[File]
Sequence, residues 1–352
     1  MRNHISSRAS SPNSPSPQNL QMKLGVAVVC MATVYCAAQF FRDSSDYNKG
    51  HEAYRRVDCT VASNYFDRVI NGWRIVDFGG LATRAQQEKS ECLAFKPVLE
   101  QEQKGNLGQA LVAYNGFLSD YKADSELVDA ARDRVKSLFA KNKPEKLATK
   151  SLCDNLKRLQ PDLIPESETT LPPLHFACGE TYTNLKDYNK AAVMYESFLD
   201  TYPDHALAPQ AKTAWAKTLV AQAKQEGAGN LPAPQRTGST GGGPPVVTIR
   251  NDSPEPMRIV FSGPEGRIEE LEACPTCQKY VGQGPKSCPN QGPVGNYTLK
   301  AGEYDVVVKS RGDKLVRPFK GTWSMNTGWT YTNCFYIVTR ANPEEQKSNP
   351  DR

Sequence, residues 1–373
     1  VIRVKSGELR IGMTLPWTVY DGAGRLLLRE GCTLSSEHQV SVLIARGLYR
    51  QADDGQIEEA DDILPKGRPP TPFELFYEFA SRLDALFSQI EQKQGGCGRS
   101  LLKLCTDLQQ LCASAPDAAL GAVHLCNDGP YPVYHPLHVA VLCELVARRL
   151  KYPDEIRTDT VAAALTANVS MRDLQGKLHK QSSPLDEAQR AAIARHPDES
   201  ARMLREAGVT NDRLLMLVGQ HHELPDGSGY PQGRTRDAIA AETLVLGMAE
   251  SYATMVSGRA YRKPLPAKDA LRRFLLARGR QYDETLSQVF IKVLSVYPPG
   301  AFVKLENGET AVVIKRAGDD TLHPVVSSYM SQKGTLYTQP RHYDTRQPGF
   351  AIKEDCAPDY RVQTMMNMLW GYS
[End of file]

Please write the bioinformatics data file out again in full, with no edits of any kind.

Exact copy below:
Sequence, residues 1–352
     1  MRNHISSRAS SPNSPSPQNL QMKLGVAVVC MATVYCAAQF FRDSSDYNKG
    51  HEAYRRVDCT VASNYFDRVI NGWRIVDFGG LATRAQQEKS ECLAFKPVLE
   101  QEQKGNLGQA LVAYNGFLSD YKADSELVDA ARDRVKSLFA KNKPEKLATK
   151  SLCDNLKRLQ PDLIPESETT LPPLHFACGE TYTNLKDYNK AAVMYESFLD
   201  TYPDHALAPQ AKTAWAKTLV AQAKQEGAGN LPAPQRTGST GGGPPVVTIR
   251  NDSPEPMRIV FSGPEGRIEE LEACPTCQKY VGQGPKSCPN QGPVGNYTLK
   301  AGEYDVVVKS RGDKLVRPFK GTWSMNTGWT YTNCFYIVTR ANPEEQKSNP
   351  DR

Sequence, residues 1–373
     1  VIRVKSGELR IGMTLPWTVY DGAGRLLLRE GCTLSSEHQV SVLIARGLYR
    51  QADDGQIEEA DDILPKGRPP TPFELFYEFA SRLDALFSQI EQKQGGCGRS
   101  LLKLCTDLQQ LCASAPDAAL GAVHLCNDGP YPVYHPLHVA VLCELVARRL
   151  KYPDEIRTDT VAAALTANVS MRDLQGKLHK QSSPLDEAQR AAIARHPDES
   201  ARMLREAGVT NDRLLMLVGQ HHELPDGSGY PQGRTRDAIA AETLVLGMAE
   251  SYATMVSGRA YRKPLPAKDA LRRFLLARGR QYDETLSQVF IKVLSVYPPG
   301  AFVKLENGET AVVIKRAGDD TLHPVVSSYM SQKGTLYTQP RHYDTRQPGF
   351  AIKEDCAPDY RVQTMMNMLW GYS